etting Pregnant and Fertility Testing: Post-Coital Tests

A post-coital test (PCT) is a type of fertility test that can help to determine the causes of infertility. Also known as a Sims-Huhner test after the physicians who invented it, a post-coital test can help to analyze for both male fertility problems and female fertility problems so that couples can receive necessary fertility treatment if needed in order to improve their chances of getting pregnant.

Cervical Mucous and Fertility

A PCT is closely linked to a woman’s reproductive system and cycle, specifically, to ovulation and cervical mucous, which are also closely linked.

Cervical mucous is usually thick in texture in order to prevent infection. When ovulation occurs, the cervical mucous becomes thin and watery in order to allow the sperm to travel to the fallopian tubes in order to fertilize an egg so that pregnancy may occur. In cases where there are not fertility problems present, the sperm will not have any difficulty traveling through the cervical mucous.

While the usefulness of a post-coital test has been debated recently, it is still one of the most common fertility tests and as such can help to check for a variety of common fertility problems.

A PCT analyses cervical mucous, as well as the interaction between cervical mucous and sperm. If timed correctly, this fertility test can also help provide useful information regarding the adequacy of a woman’s cervical mucous production as well as the sperm’s ability to survive in cervical mucous. These factors can help to determine cervical mucous health and suitability for fertilisation, as well as information on sperm health. As such, a post-coital test can be an important tool in diagnosing fertility problems.

Preparing for a Post-Coital Test

Your health care provider will give you specific instructions with regard to preparing for a post-coital test. Some general guidelines to follow are:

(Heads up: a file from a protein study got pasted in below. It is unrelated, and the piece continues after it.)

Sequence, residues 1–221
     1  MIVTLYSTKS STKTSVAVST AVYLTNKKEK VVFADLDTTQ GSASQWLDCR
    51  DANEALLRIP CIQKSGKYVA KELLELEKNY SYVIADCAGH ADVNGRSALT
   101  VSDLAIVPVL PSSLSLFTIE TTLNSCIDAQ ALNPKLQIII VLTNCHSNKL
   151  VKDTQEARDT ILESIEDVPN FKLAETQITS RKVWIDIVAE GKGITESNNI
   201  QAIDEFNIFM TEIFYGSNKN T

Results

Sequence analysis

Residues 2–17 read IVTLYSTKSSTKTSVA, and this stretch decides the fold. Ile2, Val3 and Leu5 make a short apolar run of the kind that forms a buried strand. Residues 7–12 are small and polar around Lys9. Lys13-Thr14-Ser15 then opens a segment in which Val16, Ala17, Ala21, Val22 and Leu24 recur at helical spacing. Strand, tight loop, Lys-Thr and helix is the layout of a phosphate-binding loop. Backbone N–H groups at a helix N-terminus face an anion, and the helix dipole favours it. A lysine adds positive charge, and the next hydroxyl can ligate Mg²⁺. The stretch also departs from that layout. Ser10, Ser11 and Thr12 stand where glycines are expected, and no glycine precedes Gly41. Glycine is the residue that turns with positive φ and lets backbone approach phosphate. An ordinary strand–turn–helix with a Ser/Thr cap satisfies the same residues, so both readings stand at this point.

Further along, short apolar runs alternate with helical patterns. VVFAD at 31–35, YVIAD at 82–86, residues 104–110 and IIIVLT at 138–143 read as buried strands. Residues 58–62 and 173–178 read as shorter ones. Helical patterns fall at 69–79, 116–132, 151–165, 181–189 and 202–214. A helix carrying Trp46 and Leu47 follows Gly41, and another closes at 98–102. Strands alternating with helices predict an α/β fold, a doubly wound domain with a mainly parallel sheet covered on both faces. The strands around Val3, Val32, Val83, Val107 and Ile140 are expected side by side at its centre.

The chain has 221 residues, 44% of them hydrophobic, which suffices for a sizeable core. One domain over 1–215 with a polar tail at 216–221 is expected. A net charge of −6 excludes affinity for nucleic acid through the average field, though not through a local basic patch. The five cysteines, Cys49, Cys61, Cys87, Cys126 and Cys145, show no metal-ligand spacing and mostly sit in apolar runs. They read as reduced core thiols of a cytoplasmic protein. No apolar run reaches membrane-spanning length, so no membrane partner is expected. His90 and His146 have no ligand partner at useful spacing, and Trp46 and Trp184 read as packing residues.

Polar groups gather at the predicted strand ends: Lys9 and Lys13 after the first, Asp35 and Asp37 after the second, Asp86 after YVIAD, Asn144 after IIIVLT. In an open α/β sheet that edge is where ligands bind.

• monitor your basal body temperature (BBT) in order to determine when ovulation will occur
  • measure your luitenising hormones (LH) using a urine test to predict ovulation
  • once you have determined that ovulation will be occurring, book an appointment for a post-coital test for the following day
  • have intercourse 2 to 8 hours prior to your appointment
  • be sure not to use any vaginal lubricants during sex and refrain from douching or tub bathing following intercourse

Post-Coital Test Procedure

A post-coital test is performed right around the time during the menstrual cycle when ovulation occurs and is very similar to a Pap smear test.

The cervical mucous is removed at 2 to 8 hours following intercourse. A sample of cervical mucous is removed from the cervix during a pelvic exam and is analyzed using a microscope. It is a painless procedure and is performed at your health care provider’s office.

Timing is crucial for a PCT because there are only a few days during the menstrual cycle during which sperm can survive the cervical mucous.

Post-Coital Test Results

You will receive the results from your post coital test within a day or two.

If your results are normal, the cervical mucous will have stretched a minimum of 2 inches and dried in a fern-like pattern. This means that cervical mucous and sperm health are good and that there should be no fertility issues at hand.

If your post-coital test results are abnormal, the cervical mucous will not have a stretched a minimum of 2 inches and will not have dried in a fern-like pattern. Abnormal test results mean that cervical mucous may not be allowing the sperm to enter the cervical mucous, thereby reducing the chances of getting pregnant. In addition, there may be a high amount of dead sperm or sperm clumping, meaning that treatment may be required in order to improve sperm health.

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